Every once in a while, someone with a new screenwriting book or seminar or product asks me to write a review. Unfortunately, I often have to decline after trying the product or reading the book.
This is not one of those cases.
When I was asked to read The Hollywood Pitching Bible by Douglas Eboch and Ken Aguado, I was intrigued — there are a plethora of books about screenwriting itself, but I haven’t seen many specifically about pitching. I was suspicious that Douglas and Ken might simply regurgitate run-of-the-mill advice, but after reading the first chapter, I was hooked.
The authors have put together a guide that is straightforward, insightful, and full of practical advice that both novice and professional screenwriters can benefit from. They cover everything from developing story ideas to how to behave in an actual meeting. Both feature and television pitches are covered, but an emphasis is placed on feature pitches. The Hollywood Pitching Bible is a book you can read in a few nights, and the knowledge you’ll gain will stay with you throughout your career.
[LA Screenwriter readers can get 30% off The Hollywood Pitching Bible by buying here with coupon code ATWAMKK4.]
Now, many budding screenwriters who have yet to make a sale might feel like studying up on how to pitch might be a bit premature. Why learn how to sell before you’ve mastered how to write? The simple answer (which Douglas and Ken cover in the book) is that understanding what will sell will make you a better writer. The book covers not only how to develop a pitch for an existing script, but also how to develop a pitch from an idea. If you can’t create a good pitch for your idea, it probably means your story isn’t well developed. In other words, you can use the pitching method described in this book to help you develop and outline your ideas, making sure that your story is high concept and saleable before you set pen to paper (or finger to keyboard).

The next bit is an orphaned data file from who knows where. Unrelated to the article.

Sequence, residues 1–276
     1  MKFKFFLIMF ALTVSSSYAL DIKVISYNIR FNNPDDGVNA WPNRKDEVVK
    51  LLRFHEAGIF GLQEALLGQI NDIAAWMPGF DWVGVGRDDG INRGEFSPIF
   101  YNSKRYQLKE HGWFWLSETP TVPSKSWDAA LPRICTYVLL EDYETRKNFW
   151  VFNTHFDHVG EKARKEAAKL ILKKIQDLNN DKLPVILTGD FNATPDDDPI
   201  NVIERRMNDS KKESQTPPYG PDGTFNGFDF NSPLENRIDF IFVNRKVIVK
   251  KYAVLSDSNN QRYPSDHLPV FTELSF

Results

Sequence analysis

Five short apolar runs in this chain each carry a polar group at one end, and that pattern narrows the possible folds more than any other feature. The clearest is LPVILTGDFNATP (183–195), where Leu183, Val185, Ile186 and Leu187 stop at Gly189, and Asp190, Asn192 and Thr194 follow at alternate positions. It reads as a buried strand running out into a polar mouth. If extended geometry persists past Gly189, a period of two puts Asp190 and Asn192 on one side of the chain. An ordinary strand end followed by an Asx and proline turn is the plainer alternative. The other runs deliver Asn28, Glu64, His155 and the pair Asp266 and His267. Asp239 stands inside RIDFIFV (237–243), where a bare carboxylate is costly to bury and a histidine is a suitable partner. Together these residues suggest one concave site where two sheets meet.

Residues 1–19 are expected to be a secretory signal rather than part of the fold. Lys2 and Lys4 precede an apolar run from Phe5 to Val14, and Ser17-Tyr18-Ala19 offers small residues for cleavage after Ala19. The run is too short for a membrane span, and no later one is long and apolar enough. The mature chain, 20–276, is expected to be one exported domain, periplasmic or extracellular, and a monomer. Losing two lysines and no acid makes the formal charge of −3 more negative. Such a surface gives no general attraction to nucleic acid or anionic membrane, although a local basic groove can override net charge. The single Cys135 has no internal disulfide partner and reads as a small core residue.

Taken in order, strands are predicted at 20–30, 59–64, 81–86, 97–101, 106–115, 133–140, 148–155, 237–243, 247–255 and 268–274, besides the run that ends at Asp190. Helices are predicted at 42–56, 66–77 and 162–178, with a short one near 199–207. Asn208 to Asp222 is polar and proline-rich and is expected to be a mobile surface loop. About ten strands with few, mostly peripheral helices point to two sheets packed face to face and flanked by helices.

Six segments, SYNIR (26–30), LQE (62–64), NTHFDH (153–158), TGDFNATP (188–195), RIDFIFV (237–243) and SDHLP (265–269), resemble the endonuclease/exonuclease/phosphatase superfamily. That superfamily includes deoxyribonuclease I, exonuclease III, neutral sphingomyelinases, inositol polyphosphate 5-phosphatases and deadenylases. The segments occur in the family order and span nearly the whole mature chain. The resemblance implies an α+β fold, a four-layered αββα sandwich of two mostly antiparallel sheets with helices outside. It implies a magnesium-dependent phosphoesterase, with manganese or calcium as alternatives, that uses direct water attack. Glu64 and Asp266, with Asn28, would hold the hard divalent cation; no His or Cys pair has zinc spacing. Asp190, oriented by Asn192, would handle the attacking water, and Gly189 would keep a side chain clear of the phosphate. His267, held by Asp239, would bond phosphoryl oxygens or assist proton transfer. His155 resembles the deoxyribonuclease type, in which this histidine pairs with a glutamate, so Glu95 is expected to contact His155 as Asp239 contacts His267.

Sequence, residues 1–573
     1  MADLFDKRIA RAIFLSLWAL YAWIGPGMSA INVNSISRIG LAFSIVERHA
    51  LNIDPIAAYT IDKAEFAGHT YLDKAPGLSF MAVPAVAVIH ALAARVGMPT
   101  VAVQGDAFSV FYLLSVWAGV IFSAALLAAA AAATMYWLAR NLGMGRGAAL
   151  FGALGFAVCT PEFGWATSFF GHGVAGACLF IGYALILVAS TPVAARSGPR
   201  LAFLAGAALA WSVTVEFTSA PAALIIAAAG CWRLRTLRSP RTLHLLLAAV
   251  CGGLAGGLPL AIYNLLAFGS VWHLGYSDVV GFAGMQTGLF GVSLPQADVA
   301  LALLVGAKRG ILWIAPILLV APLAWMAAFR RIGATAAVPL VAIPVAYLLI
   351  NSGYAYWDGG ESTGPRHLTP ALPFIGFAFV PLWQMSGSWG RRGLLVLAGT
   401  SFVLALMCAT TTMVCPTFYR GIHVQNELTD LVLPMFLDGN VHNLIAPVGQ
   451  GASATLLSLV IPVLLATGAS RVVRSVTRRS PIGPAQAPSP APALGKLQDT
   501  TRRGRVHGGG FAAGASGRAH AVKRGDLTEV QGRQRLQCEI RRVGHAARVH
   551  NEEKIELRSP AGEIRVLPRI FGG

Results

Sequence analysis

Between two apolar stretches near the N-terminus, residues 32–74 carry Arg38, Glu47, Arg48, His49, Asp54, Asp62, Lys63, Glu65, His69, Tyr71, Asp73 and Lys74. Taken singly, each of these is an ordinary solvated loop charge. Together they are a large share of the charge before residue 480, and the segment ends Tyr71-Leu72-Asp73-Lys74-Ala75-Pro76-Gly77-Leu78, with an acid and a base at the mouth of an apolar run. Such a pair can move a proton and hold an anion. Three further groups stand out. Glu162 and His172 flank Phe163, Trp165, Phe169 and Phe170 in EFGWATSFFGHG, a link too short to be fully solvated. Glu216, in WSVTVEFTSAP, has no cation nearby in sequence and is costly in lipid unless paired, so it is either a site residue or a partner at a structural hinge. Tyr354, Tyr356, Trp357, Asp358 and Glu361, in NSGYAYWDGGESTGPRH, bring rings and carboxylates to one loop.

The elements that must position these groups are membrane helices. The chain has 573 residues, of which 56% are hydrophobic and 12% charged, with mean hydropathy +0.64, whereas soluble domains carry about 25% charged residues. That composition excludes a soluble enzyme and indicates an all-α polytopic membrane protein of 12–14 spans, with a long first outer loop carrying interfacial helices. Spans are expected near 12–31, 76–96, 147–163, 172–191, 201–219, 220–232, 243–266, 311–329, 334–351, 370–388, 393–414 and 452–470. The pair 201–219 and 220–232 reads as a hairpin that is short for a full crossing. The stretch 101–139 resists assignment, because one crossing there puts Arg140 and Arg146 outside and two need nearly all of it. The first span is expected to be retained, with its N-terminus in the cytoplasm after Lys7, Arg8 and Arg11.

Another key reason to learn the art of pitching before you’ve made your first sale is that pitching will more likely than not be precisely how you make your first sale or get your first manager or agent. Pitching is an important part of this business — you won’t be able to succeed without doing it. So start learning now!
Douglas wrote the original script for Sweet Home Alabama, and Ken is a studio exec and producer who has bought and sold numerous pitches. Together, Douglas and Ken provide insights on pitching from both the perspective of the pitcher and the person being pitched.